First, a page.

California Gov. Gavin Newsom is preparing to deliver his first State of the State address a day after declaring he wouldn't participate in the Trump administration's "political theater" over border security.
The Democratic governor is likely to ratchet up his rhetoric against President Donald Trump in Tuesday's address, a month into Newsom's governorship.
"We've been sucked into this vortex of the absurd," Newsom told reporters Monday. "I want to get out of it — that's what I was elected to do."
His address will offer yet another opportunity for Newsom to outline his vision for California, a state dominated by Democrats, and contrast it with stalemates in Washington.
Newsom, 51, has sparred repeatedly with Trump and excerpts of his speech indicate he'll rebut pieces of the State of the Union address delivered by Trump.
"Last week, we heard (Trump) stand up at the State of the Union and offer a vision of an America fundamentally at odds with California values," the excerpts read. "He described a country where inequality didn't seem to be a problem, where climate change doesn't exist, and where the greatest threat we face comes from families at the border, seeking asylum from violence-stricken countries."
Newsom announced Monday he'll withdraw most of California's 360 National Guard troops working with the federal government at the Mexico border.
Former California Gov. Jerry Brown agreed to deploy troops at the Trump administration's request last year, although he said they couldn't participate in immigration enforcement.
Newsom, though, said there's been a "gray area" in the troops duties that may have allowed some to inadvertently participate in immigration activities, although a Guard official said the state's troops have not helped detain anyone.
Newsom disputed Trump's claim there is a crisis on the border and any need for National Guard troops was eliminated when Trump chose earlier this month to add 3,750 more U.S. troops at the border.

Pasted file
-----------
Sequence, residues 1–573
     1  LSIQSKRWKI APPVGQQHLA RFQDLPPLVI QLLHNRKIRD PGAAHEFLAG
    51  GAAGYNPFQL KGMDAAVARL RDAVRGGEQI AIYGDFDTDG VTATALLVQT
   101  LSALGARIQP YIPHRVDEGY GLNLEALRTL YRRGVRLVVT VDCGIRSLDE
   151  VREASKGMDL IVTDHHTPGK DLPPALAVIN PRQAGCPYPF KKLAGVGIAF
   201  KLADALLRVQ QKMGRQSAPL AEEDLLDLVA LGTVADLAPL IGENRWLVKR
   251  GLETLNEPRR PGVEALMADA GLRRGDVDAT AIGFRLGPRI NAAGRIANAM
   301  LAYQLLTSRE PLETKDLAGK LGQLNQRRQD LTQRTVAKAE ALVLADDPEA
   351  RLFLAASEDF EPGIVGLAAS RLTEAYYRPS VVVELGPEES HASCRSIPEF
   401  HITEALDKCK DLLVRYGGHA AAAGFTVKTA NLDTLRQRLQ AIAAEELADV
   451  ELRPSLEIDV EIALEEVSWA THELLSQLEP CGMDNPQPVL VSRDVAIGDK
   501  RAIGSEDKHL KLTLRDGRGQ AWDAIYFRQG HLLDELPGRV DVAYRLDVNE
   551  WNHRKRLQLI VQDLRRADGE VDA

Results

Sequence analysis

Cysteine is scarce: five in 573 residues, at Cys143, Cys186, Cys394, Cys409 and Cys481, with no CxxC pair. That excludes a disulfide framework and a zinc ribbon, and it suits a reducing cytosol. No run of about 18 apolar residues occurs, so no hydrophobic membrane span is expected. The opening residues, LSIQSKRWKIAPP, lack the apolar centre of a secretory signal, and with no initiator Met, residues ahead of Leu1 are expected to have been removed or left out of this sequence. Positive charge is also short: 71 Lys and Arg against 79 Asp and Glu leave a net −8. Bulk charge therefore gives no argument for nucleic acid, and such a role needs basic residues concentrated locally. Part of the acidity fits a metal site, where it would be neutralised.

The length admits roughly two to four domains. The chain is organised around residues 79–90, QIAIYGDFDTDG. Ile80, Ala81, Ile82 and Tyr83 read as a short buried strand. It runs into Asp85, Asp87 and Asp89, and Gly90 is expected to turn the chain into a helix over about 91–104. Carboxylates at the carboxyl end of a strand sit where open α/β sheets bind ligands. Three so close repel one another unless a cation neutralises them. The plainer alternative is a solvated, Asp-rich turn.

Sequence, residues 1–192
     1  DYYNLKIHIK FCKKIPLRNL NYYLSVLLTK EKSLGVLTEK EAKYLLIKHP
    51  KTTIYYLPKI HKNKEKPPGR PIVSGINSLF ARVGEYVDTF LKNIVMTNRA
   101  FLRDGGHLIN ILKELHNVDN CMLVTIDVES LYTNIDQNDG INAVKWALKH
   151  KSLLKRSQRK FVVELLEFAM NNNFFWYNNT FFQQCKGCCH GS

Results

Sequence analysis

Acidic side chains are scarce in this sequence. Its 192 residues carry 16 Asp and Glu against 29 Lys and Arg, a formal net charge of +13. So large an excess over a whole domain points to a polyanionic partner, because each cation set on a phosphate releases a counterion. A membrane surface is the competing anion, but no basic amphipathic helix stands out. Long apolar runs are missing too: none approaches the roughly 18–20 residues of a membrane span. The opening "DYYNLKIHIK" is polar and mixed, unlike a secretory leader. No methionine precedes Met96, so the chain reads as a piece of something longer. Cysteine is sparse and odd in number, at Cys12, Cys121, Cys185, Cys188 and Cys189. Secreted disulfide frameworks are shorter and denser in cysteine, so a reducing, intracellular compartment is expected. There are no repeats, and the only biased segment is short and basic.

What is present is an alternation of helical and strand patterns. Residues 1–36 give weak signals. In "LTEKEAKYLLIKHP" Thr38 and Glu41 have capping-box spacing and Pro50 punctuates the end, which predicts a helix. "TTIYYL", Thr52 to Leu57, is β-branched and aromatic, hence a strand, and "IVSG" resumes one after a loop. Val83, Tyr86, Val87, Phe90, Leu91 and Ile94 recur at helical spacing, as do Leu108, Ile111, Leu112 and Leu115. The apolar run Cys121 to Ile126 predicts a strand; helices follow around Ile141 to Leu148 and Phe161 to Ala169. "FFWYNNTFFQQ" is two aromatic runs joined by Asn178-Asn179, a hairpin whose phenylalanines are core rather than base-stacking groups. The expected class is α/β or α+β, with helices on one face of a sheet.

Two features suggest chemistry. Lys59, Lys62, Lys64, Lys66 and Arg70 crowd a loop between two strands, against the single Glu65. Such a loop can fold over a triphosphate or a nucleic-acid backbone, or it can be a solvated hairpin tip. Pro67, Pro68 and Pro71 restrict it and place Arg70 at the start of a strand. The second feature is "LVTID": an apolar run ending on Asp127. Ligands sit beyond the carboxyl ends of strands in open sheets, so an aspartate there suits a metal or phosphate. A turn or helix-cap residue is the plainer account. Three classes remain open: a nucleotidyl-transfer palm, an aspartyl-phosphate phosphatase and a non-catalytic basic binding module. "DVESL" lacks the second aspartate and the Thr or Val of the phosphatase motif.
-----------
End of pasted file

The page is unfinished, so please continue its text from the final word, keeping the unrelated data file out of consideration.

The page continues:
"I don't know what the right adjective is without coming off as hyperbolic; the whole thing is ridiculous," Newsom said.
Newsom does want to leave 100 California troops working with the federal government to focus on combating transnational drug and gun smuggling.
But his speech will surely go beyond immigration to other disagreements with the White House as well as his own ambitious policy goals for the state.
He's also fought with Trump on money for wildfire prevention efforts and the ban on transgender Americans in the U.S. military. One of his first policy announcements was to reinstate the individual mandate that people buy health insurance, which Republicans in Congress have eliminated.
Newsom has laid out his vision for California twice already, in his inaugural address and through his first crack at the state budget. He spent his first month in office traveling to different parts of the state promoting his ideas on housing, juvenile justice and the environment.
"This is our answer to the White House: No more division, xenophobia or nativism," the excerpts say. "We're more united than ever, and we're not going back."